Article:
Misconception #1: LOI Signals Negotiations Are Over

LOI stands for “letter of intent,” and it’s a very important piece of any sale. However, some buyers or sellers have a tendency to look upon this document as a final sale – this is false and potentially dangerous.

Until there’s a specific purchasing agreement in place, an entirely separate document, no business sale has been truly completed. There’s a big gap between these two things, one that involves several areas of due diligence to ensure that intent to purchase is realized in reality. Lots can change during this due diligence process, so understand that your negotiations remain ongoing even if a LOI has been signed.

Misconception #2: Having the Money

Another possibly dangerous myth is the idea that any individual or entity who makes an offer on a business always has the money to back it up. This is often not the case, and some will offer at a business without actually securing the money first. This can waste everyone’s time, and you should do proper diligence on potential buyers if you’re selling rather than just assuming they’re good for their offer amount.

Misconception #3: Going Solo

Some sellers assume they can just handle things themselves when they’re looking to move on from the business, and while this might technically be possible, here’s a bet that you won’t get the desired results. Strong business brokers provide incredible value, from handling the detailed paperwork and other time-consuming elements of a given sale to helping you avoid common pitfalls in negotiations.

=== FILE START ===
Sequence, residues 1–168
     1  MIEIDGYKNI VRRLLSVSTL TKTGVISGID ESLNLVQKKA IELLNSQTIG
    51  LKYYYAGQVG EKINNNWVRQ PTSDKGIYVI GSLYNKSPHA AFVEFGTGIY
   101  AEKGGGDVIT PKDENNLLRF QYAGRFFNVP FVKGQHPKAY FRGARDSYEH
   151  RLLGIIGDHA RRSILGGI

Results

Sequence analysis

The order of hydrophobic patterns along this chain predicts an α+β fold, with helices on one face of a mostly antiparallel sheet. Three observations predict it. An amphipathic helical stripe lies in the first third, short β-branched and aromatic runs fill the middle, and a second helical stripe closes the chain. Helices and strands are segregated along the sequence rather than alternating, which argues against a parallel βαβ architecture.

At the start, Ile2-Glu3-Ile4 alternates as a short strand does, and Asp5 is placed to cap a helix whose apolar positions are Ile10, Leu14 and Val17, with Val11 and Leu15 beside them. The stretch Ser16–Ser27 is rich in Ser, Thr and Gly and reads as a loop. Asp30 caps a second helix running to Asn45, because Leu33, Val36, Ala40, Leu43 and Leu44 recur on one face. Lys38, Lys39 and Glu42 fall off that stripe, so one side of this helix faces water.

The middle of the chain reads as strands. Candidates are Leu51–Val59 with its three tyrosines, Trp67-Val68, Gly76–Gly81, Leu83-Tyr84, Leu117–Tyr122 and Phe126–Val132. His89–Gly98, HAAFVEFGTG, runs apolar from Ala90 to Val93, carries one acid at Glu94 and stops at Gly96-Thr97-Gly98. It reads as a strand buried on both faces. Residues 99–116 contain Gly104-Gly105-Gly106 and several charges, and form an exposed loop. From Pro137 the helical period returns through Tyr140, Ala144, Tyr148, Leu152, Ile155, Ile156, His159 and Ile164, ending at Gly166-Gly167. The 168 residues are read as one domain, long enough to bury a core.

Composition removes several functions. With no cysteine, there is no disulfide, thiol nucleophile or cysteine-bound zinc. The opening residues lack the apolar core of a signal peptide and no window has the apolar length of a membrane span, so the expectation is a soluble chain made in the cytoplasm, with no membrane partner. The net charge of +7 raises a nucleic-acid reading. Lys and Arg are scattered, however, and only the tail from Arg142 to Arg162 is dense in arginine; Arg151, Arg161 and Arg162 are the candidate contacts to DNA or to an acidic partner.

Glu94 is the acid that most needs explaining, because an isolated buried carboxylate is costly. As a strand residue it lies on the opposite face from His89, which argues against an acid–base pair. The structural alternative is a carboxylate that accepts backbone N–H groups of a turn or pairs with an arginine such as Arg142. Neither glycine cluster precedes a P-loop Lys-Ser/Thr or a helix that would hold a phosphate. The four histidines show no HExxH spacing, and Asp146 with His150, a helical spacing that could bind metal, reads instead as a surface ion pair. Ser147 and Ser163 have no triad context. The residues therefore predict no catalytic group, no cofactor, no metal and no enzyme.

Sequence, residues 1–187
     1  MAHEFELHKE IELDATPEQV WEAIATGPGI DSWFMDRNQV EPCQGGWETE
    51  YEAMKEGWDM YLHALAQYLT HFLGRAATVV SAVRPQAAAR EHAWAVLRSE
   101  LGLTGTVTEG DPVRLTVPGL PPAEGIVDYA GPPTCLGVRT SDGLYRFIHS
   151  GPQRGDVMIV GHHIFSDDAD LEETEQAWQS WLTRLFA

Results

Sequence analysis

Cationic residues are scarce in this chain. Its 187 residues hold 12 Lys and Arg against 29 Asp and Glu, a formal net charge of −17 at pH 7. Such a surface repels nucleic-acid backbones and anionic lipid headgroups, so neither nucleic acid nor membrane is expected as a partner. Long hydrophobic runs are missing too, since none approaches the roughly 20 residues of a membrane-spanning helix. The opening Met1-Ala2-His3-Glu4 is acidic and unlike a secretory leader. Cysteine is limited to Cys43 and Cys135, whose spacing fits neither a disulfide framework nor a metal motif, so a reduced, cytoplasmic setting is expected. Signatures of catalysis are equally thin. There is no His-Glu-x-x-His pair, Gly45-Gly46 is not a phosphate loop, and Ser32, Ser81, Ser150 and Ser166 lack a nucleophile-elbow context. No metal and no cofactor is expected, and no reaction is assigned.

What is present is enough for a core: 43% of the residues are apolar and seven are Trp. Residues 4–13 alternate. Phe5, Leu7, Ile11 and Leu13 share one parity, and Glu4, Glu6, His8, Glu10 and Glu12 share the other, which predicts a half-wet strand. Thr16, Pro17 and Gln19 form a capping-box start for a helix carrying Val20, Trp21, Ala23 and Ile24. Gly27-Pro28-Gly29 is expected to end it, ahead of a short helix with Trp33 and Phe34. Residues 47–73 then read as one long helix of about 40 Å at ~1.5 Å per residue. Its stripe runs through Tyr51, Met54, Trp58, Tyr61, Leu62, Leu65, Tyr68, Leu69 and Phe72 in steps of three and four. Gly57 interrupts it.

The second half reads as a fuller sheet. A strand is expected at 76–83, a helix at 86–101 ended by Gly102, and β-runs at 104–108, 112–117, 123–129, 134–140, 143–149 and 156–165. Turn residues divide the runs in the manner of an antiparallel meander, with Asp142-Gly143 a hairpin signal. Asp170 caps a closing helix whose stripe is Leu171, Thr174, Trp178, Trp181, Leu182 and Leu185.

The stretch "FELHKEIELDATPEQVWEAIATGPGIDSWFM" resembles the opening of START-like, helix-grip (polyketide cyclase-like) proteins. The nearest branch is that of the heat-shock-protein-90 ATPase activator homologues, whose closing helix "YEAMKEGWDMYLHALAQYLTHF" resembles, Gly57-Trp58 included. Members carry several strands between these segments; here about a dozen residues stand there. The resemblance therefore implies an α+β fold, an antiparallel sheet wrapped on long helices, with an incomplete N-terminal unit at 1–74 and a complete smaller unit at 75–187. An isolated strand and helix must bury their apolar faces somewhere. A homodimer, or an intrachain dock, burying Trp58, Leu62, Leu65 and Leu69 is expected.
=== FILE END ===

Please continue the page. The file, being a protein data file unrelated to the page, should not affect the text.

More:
Misconception #4: Selling the Entire Business

Finally, while most business sales involve transferring 100 percent of the business to the buyer, this does not always have to be the case. There are many situations where selling or retaining a minority stake in a company might be valuable, and there’s no legal requirement that you sell the entire business all at once.

For more on the common myths surrounding business sales and purchases, or to learn about any of our business valuation or other brokerage services, speak to the staff at Utah Business Consultants today.